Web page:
>> add 1 2
== 3
Similarly, there is multiplication:
>> multiply 2 3
== 6
Despite the existence of these verbose keywords, Rebol lets you represent these as seemingly infix programs:
>> 1 + 2
== 3

>> 2 * 3
== 6
DO NOT be fooled by this. That's just a shorthand, and under the hood it's still a left-to-right expression evaluator. For instance, check this out:
>> 1 + 2 * 3
== 9
Yowza. You have to use parentheses if you want to get the expected result:
>> 1 + ( 2 * 3 )
== 7
Further adding to the weirdness, the parentheses are first-class objects within the interpreter. Like blocks, they are part of the abstract structure. You can even make a series of parentheses:
>> first [ ( ) ( ) ( ) ]
== ()
This means every time you use parentheses to disambiguate your code, you are making the program bigger and slower to evaluate. Also, there are some pieces of Rebol that use parentheses for things other than precedence. (For instance, the compose function will search a block for parenthesized expressions and evaluate them, leaving any code that isn't in parentheses intact as literal code.)
So if you show a Rebol developer any code with parentheses, they'll encourage you to take as many of them out as you can. That's going to grate on some people who build formal systems and don't want to be "taking out parentheses in order to Rebolize the code".

You're kidding. How can I code under these conditions?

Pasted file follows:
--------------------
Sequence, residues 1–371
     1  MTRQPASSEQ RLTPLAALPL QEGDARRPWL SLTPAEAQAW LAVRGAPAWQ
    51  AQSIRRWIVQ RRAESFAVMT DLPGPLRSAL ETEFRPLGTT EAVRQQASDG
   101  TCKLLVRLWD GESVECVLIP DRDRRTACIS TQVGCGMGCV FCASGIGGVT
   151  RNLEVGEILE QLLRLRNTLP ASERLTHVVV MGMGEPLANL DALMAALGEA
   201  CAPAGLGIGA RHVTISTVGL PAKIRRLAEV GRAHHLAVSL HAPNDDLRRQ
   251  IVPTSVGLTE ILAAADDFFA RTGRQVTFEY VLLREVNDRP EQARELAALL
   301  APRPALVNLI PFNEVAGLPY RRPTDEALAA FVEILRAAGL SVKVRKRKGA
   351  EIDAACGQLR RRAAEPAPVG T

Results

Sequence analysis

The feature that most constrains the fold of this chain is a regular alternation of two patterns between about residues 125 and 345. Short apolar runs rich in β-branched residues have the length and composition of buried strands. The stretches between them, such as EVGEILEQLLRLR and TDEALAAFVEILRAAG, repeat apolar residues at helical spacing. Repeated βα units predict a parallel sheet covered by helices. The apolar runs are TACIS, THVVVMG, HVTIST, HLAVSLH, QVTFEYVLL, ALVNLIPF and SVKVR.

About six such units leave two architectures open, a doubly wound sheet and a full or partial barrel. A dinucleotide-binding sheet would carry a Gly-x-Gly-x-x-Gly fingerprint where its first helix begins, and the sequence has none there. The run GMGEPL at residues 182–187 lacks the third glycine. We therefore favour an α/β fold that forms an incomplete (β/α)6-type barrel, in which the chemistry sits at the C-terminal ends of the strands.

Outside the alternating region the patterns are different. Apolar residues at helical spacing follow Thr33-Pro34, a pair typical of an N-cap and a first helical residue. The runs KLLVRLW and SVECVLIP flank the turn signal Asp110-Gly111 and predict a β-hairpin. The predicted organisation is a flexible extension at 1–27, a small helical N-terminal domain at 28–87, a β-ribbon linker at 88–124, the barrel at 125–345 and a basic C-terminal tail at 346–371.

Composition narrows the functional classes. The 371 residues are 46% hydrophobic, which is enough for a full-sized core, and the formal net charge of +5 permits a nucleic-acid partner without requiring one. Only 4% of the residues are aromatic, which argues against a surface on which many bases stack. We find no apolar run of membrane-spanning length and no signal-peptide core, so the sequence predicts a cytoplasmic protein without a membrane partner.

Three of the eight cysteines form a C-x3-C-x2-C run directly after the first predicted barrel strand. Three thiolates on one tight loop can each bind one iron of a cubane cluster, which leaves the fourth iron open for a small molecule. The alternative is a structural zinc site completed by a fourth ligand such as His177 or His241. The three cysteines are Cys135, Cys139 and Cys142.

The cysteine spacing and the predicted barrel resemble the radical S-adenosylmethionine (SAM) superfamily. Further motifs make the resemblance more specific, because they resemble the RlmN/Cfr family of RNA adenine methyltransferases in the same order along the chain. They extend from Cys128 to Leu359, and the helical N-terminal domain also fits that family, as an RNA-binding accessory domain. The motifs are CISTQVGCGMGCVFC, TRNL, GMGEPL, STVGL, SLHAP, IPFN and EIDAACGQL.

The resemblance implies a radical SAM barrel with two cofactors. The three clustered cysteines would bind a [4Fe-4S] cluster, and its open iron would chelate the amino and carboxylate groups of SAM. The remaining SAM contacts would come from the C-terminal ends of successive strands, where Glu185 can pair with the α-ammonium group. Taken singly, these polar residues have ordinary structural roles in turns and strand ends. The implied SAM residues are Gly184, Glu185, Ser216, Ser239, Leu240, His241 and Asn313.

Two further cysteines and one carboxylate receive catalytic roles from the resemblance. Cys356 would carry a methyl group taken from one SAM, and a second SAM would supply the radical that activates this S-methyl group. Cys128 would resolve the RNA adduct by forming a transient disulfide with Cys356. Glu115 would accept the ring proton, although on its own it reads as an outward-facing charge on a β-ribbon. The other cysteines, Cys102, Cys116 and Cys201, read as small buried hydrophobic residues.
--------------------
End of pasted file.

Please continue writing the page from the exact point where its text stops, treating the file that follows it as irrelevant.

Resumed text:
I really think that to understand why one might use a language with these properties you have to take a serious look at what makes us use English. Why do we like writing a bunch of words in a line and then ending it with a period, instead of something more "formal"? I'm not sure, but I do suspect that if English required you to call out the noun phrases or subclauses in a sentence, then...
<< [ ( people ) | would probably ( use ) >> | { something , else } ] !
Every good language makes you think differently. In fact, one of my favorite free C++ books online is titled Thinking in C++. Yet Rebol tries to not stray too far from our natural instincts for language just to appease a computer's thirst for formalism. Instead it encourages fluidity, and fulfills the confusing promise of "no reserved keywords"... as in English, everything can be overridden or given new meaning.
It takes some getting used to, certainly. There is no need to look further into the language if you could not (under any circumstances) work this way. But if you think that you'd be willing to accept these ideas if there was a payoff like the one I described in Is Rebol Actually a Revolution... then you should check out my next articles!